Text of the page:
Stories from The Infectious Disease Clinic

My shoulder aches like a heavy bruise from the particles they injected into it, making it difficult to pick up the lightest of objects.

Yesterday, I couldn’t help but to think about the seriousness of the title, “Infectious Disease Clinic” as I frantically fought through the maze at the BAMC (Brooks Army Medical Center, a hospital). Do people go there when they have infectious diseases or like me, to prevent them? The feeling was surreal–almost apocalyptic.

When I finally stumbled into the clinic, minutes before my appointment, I threw the door open and when I tried to shut it, it would just open back up again. I thought about leaving it open on the off chance that it would close itself, but decided to go against the laziness and reach for the handle. Once again, the door fought me. I tried a third time, and to my horror, the man at the desk says, “It’ll shut itself”. I blush, giggle, try to break up the awkwardness, which the man appeared to enjoy simmering in. His stoic “I am not in the mood for your ignorance face” was actually more comforting than anything he could have done to make me feel better. I had made it through the maze and trick door into the clinic. One more step to Vietnam.

Three years prior, I had visited my first travel clinic in Colorado Springs, CO. Though that one was much easier to navigate to, it was far more intimidating. The waiting room was stuffy, almost suffocating, increasing every fear I had of the unknown country I was supposed to travel to. My mom and a friend of hers had given me a long list of vaccines I would need to get in order to scare me out of traveling there. Diphtheria; Hepatitis A; Tetanus; Typhoid. Cholera; Hepatitis B; Japanese Encephalitis; Rabies; Yellow Fever. 

Though I hid it well, it did bring me some discomfort. Vaccines are expensive and are truly nasty things to put into your body, AND my body hates the simplest of things I put into it, like food, ibuprofen… you know, anything besides water. Everything made me sick. How was I going to handle all of this?

The doctor at the clinic made me feel worse, as he read through each potential disease from a packet of papers, word-by-word, then asked which vaccinations I would like. I decided on Hep A, Typhoid, and Japanese Encephalitis, and quickly took back the last vaccination request as I realized it was $360 a shot for multiple shots. But, what if I end up with the disease? Would I regret this moment?

The doctor did nothing to make me feel like I was making a good or a bad decision.

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(Photo credit: http://www.thesleuthjournal.com/)

This time was different. This time, Vietnam wasn’t so foreign and scary. I knew my Typhoid had expired and I would need that. I considered the rabies vaccine because monkeys are going to do whatever monkeys want to do. I was still considering the Japanese Encephalitis vaccine though, because with my health care I could actually afford it this time. However, this doctor only recommended Typhoid, based on the amount of time I would be in the country. I read that while doing my research, however, having a doctor actually recommend something this time was both unexpected and comforting. She even prescribed me medication and antibiotics to take if I got sick fro the food there (unexpected luxury number two!). This Infectious Disease Clinic gets 5 stars!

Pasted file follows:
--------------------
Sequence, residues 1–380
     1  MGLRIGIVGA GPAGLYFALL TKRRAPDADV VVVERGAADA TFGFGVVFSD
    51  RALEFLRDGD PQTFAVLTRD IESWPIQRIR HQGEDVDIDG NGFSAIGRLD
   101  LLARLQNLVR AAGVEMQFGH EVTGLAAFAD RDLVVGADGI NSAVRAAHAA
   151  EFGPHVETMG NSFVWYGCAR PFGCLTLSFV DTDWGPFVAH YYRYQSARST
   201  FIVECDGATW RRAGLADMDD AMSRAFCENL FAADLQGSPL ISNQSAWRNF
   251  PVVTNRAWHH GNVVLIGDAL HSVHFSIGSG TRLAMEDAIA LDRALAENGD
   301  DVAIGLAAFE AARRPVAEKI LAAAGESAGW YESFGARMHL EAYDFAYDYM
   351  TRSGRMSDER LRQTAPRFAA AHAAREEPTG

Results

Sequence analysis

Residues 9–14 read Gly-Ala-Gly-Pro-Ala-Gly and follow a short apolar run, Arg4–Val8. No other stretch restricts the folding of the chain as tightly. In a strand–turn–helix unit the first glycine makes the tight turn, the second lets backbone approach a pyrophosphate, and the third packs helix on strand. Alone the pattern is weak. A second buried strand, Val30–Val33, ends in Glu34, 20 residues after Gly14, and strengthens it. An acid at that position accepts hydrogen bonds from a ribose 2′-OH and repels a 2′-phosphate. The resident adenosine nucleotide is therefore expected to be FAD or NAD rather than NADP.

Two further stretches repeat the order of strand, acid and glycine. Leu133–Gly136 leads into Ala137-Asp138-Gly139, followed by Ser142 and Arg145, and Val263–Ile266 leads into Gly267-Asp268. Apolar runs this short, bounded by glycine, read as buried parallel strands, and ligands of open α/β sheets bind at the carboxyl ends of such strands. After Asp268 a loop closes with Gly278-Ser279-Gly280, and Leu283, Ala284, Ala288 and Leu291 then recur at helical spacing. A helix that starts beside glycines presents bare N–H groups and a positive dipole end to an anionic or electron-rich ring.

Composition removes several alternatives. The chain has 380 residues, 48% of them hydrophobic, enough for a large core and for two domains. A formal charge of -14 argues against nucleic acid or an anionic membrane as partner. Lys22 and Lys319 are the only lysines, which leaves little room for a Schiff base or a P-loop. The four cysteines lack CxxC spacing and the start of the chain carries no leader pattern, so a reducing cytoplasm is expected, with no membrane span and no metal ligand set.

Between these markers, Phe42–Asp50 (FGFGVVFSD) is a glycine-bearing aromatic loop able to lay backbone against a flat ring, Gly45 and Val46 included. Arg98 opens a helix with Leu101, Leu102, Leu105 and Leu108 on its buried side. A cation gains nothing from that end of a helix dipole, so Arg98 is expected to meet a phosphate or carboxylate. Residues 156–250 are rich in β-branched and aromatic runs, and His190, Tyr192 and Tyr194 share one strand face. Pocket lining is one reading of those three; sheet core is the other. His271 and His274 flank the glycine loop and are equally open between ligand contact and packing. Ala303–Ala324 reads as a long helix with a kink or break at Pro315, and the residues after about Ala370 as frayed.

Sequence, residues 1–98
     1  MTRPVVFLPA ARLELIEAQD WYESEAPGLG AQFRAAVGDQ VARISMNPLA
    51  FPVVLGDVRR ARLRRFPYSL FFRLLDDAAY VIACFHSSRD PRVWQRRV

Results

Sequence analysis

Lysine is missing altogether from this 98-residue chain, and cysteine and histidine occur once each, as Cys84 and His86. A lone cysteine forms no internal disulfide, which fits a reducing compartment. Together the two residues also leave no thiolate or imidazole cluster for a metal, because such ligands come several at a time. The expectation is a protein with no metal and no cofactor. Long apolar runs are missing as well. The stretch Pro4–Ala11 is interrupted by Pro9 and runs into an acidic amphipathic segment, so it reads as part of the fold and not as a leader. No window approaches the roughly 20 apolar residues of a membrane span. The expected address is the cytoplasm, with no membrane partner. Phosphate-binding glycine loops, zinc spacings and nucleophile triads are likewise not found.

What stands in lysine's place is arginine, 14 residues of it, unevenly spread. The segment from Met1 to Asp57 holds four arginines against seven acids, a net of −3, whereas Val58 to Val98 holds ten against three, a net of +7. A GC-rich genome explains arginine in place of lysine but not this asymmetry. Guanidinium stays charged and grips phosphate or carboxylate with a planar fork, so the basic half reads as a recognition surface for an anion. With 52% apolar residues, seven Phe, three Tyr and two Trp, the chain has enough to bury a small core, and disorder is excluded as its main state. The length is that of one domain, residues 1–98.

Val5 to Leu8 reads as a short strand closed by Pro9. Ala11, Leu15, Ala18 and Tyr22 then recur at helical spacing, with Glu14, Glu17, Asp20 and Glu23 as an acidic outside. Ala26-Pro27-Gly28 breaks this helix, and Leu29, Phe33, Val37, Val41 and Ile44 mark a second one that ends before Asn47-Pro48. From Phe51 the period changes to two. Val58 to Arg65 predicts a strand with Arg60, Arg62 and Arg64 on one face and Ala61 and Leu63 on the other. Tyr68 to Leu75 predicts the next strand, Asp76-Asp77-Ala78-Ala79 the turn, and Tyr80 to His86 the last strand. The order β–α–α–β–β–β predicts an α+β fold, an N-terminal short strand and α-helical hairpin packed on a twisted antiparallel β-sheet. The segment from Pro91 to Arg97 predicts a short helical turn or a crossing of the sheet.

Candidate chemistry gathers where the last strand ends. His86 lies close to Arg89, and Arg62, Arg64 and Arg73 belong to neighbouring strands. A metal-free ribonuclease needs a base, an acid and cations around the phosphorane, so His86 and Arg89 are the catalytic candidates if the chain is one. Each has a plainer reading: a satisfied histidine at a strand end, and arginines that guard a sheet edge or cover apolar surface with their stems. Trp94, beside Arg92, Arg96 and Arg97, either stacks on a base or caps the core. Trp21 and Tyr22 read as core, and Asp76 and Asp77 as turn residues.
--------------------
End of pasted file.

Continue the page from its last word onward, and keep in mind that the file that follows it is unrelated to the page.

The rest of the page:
I waited for a bit for the nurse who would put the vaccination in my arm. When she arrived, she made small talk, warning me how awful the vaccine would make my arm feel and commenting, “I would never travel anywhere to a place that would require me to get a Typhoid vaccine.” I smirked. Luckily this wasn’t my first round to Vietnam, because if the nurse in Colorado Springs had said that same sentence, I may have been disappointing friends and canceling plane tickets.

This time, I’m ready to explore some new territory in a familiar country. Still, I almost miss conquoring the fear. This experience, these fears of the unknown is what keep many people from traveling. The money is an element, yes, but if someone can afford to make 30 payments on a $750 phone, they can afford a plane ticket across the world. It’s about priorities and fear.

But once you face that fear one time, you grow from it. Get out there into the world. Don’t let the magical Infectious Disease Clinic unclose-able door get the best of you. Let it leave the door open. Trust me, it will stay that way.

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As I Watch My City Burn: A Poem

My city is literally burning
In front of me
As I sit in my apartment
Staring out the window
Feeling the familiar feeling
Of helplessness

This is the time for prayer.
Can a thought be
Powerful enough
To save them?

Live videos are playing
I can’t look away
San Antonio is burning
And we all sit and watch
And wait

Fear
Panic
Uncertainty
Grip my guts
Putting my mind
Into a cloud haze
Not unlike the smoke

And we wait
For the ashes
The aftermath
Of a blaze
Hotter than hope

I wish I could do something
Besides wait
For the ashes

I want to stop thinking about
The people who watched
In London
As Grenfell Tower
Crumbled in flames
Taking 79 bodies
And turning them to ash
As people
Sat in their apartments
And prayed
And hurt
And cried
Hearts yearning
And burning
For answers
And prayers
To save
Our people
This city
Please save us

 

Why do we Travel?

This question has been planted in my brain as my husband and I are 11 days out from Viet-freaking-nam. I remember Jonathan asking me why I wanted to travel when we first began dating. These were my answers.

  1. Allows me to grow
  2. Experience new people, places, and FOOD
  3. Travel forces me to be present
  4. Confront fears

Let me unpack this a bit. I don’t know what I don’t know. I have a belief system that is likely not all that different from the Americans around me. I love challenging my own beliefs and values. I love learning new ways of thinking and being in the world; travel gives that to me.

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This trip in particular holds a special place in my heart.
It is a 3 year reunion with a country that changed who I am.